ABSTRACT: Child victims of sexual abuse may present with physical findings that can include anogenital problems, enuresis or encopresis. Behavioral changes may involve sexual acting out, aggression, depression, eating disturbances and regression. Because the examination findings of most child victims of sexual abuse are within normal limits or are nonspecific, the child's statements are extremely important. The child's history as obtained by the physician may be admitted as evidence in court trials; therefore, complete documentation of questions and answers is critical. A careful history should be obtained and a thorough physical examination should be performed with documentation of all findings. When examining the child's genitalia, it is important that the physician be familiar with normal variants, non-specific changes and diagnostic signs of sexual abuse. Judicious use of laboratory tests, along with appropriate therapy, should be individually tailored. Forensic evidence collection is indicated in certain cases. Referral for psychologic services is important because victims of abuse are more likely to have depression, anxiety disorders, behavioral problems and post-traumatic stress disorder.


Diagnosis of Appendicitis: Part I. History and Physical Examination - Point-of-Care Guides


The Limping Child: A Systematic Approach to Diagnosis - Article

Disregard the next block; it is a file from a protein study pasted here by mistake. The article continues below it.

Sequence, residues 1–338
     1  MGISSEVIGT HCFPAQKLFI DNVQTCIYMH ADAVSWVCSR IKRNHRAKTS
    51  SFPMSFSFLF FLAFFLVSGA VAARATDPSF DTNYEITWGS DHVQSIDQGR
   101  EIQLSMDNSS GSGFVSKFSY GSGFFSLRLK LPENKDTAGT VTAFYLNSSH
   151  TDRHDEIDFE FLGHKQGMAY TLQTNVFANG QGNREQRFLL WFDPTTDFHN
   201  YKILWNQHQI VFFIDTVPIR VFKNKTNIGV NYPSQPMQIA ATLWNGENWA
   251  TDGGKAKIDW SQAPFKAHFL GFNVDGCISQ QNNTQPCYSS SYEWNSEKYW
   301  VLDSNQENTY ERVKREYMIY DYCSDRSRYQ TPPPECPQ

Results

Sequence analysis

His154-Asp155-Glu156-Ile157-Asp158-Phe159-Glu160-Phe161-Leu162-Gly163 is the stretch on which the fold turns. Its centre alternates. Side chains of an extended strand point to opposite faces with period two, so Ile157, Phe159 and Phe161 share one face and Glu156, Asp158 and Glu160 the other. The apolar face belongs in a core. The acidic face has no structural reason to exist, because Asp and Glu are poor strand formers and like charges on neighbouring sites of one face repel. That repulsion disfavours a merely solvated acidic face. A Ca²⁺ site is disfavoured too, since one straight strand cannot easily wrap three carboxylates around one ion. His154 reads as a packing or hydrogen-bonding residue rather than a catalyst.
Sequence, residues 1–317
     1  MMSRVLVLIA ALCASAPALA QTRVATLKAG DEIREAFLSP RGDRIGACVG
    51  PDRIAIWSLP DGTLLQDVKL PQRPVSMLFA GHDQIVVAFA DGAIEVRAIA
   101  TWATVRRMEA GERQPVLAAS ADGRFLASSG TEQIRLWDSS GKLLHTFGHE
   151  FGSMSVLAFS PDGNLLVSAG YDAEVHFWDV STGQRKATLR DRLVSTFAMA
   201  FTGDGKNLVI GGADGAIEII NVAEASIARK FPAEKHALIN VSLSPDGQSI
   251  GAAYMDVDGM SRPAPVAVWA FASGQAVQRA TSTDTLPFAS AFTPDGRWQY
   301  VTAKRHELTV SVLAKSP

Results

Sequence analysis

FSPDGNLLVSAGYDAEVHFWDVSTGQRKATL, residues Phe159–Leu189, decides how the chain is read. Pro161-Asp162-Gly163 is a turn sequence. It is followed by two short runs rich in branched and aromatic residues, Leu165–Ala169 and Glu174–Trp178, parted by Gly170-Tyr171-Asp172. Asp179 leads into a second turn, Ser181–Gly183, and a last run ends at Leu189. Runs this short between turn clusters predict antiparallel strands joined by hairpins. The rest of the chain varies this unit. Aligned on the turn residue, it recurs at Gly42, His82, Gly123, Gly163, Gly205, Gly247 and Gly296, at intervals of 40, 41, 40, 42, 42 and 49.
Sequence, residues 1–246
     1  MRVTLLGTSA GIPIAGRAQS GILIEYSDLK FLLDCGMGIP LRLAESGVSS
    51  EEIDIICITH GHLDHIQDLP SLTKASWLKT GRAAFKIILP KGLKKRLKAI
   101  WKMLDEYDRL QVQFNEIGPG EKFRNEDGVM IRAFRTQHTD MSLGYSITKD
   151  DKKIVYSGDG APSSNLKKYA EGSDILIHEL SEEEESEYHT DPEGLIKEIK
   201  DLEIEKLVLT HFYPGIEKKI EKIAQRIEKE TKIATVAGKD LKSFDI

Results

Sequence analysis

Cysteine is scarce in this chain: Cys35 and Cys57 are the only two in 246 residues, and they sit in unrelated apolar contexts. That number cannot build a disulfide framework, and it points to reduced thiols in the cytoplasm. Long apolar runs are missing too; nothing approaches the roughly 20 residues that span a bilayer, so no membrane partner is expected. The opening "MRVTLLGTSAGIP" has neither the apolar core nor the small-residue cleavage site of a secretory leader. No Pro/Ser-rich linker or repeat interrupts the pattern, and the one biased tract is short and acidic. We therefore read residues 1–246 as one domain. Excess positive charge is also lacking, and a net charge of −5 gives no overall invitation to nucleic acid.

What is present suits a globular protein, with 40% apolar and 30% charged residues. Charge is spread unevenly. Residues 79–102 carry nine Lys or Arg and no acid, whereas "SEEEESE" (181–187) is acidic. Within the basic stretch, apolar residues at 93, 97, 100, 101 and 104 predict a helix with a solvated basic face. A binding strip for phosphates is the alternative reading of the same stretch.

ABSTRACT: Deviations from a normal age-appropriate gait pattern can be caused by a wide variety of conditions. In most children, limping is caused by a mild, self-limiting event, such as a contusion, strain, or sprain. In some cases, however, a limp can be a sign of a serious or even life-threatening condition. Delays in diagnosis and treatment can result in significant morbidity and mortality. Examination of a limping child should begin with a thorough history, focusing on the presence of pain, any history of trauma, and any associated systemic symptoms. The presence of fever, night sweats, weight loss, and anorexia suggests the possibility of infection, inflammation, or malignancy. Physical examination should focus on identifying the type of limp and localizing the site of pathology by direct palpation and by examining the range of motion of individual joints. Localized tenderness may indicate contusions, fractures, osteomyelitis, or malignancy. A palpable mass raises the concern of malignancy. The child should be carefully examined because non-musculoskeletal conditions can cause limping. Based on the most probable diagnoses suggested by the history and physical examination, the appropriate use of laboratory tests and imaging studies can help confirm the diagnosis.